Tuesday night’s Board of Commissioners meeting saw a coup d'état of sorts, when three of our commissioners decided to change the way our county will be governed. We have voiced our disapproval of the “Gang of Three” in the past, and again we feel they have gone too far.
The commissioners chose to create a position of county manager that reports directly to the commission while bypassing the commission chairman, and in doing so likely guaranteed turmoil and chaos within the county government for months, perhaps years, to come.
There are times when a county manager form of government makes sense, and done correctly it may even be the best for Newton County. But what happened this week was a long way from being done correctly.
Typically the move to a county manager involves a reworking of laws at the legislative level to redefine who does what, and then asking the voters to give their opinion on the proposed changes at the polls, usually after the holding public hearings to make sure everyone understands what is involved. That’s exactly what happened in nearby Barrow County, where voters gave their approval to a new system of government earlier this month.
But our commissioners decided not to trust the ballot box in their effort to revamp the county, choosing instead to orchestrate on their own a new form of government for Newton.
And now we officially have a mess. The county chairman still has the power to hire and fire personnel, but only with approval of the board. The new county manager meanwhile has the responsibility of directing and supervising county employees, but can’t hire and fire them.
At the same time, the manager has been directed not to report to the commission chair, but rather to the board. So the person responsible for making sure county government works efficiently is not supposed to report to the person responsible for hiring and firing of county staff. Makes sense, right?
And what about the fact that a majority of voters in the county selected the commission chair to be their elected representative in that position. Those county voters have effectively been silenced by a majority of the board. What happens in the next election for commission chair? Exactly what job will that person be campaigning to fill?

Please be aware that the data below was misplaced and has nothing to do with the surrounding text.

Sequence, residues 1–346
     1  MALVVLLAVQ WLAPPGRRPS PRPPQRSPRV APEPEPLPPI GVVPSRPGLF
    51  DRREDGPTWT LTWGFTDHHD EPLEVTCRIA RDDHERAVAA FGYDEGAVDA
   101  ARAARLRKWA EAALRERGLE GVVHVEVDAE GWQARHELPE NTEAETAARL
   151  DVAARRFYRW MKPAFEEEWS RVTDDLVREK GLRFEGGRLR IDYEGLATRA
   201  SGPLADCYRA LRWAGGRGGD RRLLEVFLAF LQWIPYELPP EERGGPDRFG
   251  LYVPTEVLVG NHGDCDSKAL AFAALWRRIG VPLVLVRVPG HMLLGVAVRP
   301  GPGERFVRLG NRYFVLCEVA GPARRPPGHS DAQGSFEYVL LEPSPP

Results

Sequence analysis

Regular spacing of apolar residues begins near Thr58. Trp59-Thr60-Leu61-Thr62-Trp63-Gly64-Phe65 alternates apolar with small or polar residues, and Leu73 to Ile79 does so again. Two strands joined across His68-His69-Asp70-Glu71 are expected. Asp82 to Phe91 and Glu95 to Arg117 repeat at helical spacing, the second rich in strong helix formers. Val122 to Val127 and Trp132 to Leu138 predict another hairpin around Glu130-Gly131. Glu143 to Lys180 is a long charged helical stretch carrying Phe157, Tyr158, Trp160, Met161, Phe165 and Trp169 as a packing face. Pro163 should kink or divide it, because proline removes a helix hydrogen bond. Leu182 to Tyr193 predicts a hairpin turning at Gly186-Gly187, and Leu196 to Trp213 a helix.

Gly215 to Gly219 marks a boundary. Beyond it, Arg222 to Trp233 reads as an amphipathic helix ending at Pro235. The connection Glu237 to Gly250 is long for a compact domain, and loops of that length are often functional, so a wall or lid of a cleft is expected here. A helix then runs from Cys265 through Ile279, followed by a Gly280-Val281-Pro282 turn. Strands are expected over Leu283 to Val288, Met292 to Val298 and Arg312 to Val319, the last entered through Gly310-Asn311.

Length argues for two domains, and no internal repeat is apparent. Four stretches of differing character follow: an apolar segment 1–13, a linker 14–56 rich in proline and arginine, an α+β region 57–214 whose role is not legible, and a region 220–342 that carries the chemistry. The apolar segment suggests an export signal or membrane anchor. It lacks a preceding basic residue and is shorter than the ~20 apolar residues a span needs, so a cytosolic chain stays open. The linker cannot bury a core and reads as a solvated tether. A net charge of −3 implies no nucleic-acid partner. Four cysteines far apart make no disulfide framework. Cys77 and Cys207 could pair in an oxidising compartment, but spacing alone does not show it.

A coup d’état generally takes place when there is tyranny or a general lack of leadership. Lack of leadership was cited as the reason for transfer of power from the Chairman to the board through the county manager. To be fair, during the last two administrations the board has suffered from a general lack of leadership from our county commission chair.
While this transfer is legal, both the speed and the way that is was executed left citizens in our community wondering what happens next? Our democracy operates on a system of checks and balances, preventing one group from making all the decisions. What will be the ramifications of having three commissioners who exercise total control?
Big decisions resulting in dramatic change that are undertaken to solve what are perceived to be short-term problems are seldom a good idea. What happens in a future election when the power on the board shifts a different way? Do we just willy-nilly eliminate the county manager again and go back to what we had?
If a case can be made for revamping the government, it needs to be done in a way that lets the people being governed have a say so in what happens. Those who would do otherwise are enamored with their own power and disdainful of the importance of those they serve.
This change should have been brought about by the voters of the county, not by a majority of three commissioners. We feel that there will be unintended consequences for Newton County that the architects of this coup d’état have not and could not have considered, and we hope that these will not lead us to further challenging times.
Over the next couple of weeks we will be reporting on how this coup has come to pass, what the added costs will be and who the official county leader will really be.